Mozart: Symphony no. 35 – movement 1 of 4 – part 4

One of the key words that I stumble upon writing these tutorials – and which I try to use synonyms for from time to time – is the great word notice.

One thing that is crucial to studying orchestration is noticing. One thing is to do reductions and analyzing, but the key is noticing and wondering. Why did they choose to do it this way?

The first three segments of this blog has been about forward motion, rhythmic division and different weights of orchestration, just to mention three things.

When you do once again look through the score to Mozart Symphony No 35 1. Allegro con spirito, try to go through it without audio. Look for these things I’ve covered in the beginning 3 pages and take a mental note of where they occur.

Then listen on repeat to those sections and start noticing these things you’ve found.

For instance:

  1. Why are the horns playing half-notes in 26 when timpani and trumpets are not?
  2. How does the viola subdivide the phrase from 35 till 40?
  3. When are brass in octaves, double octaves or harmonized?
  4. When and why do the bassoons differ from cello and bass?
  5. When and why is it only one wind instrument? and how does he change that?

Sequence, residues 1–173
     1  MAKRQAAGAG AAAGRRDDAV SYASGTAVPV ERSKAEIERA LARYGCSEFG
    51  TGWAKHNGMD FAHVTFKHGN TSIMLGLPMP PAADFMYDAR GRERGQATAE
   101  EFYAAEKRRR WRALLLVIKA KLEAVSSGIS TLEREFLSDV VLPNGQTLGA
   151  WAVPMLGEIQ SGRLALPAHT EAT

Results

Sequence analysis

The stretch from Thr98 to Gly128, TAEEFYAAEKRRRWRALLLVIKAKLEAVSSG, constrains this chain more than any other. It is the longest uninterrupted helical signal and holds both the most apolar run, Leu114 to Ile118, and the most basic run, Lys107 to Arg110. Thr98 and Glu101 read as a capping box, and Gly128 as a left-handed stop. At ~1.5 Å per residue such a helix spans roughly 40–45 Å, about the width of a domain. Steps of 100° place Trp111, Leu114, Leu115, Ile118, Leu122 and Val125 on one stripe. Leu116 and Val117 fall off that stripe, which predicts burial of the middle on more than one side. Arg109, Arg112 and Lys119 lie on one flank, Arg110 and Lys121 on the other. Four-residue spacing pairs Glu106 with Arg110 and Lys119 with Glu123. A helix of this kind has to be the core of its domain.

6. Why do the winds on page 6 play shifted rhythms?

Check out this chart of finger positions for violin first position and try to see how he arranges his double and triple stops. For more on string positions, this little download can be very handy. I am in no way affiliated with the business.

A brief historic note: Before Mozart and the classical era we had baroque. Baroque was largely written in consorts of three players to a section. Classical music balanced it with two to each. Baroque music was bass heavy. Every instrument that could, played the bass line which was often a sort of walking bass outlining the harmony in a linear way. You will find Mozart doing this very often, but he breaks the pattern by assigning the melody to the bass section and breaking the ‘rhythm section‘ as described earlier.

All these things to notice, and compare with for example Bach or Haydn, is how you see what made Mozart Mozart and where his originality really was.

This is the last segment on the first movement – I promise! But I hope I’ve given you enough to go searching for more clues to Mozart’s orchestration, so let this be the place for you to leave a comment on a section of the piece that you find intriguing! Please share any thoughts.

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Next post will be with and about the second movement of this symphony.

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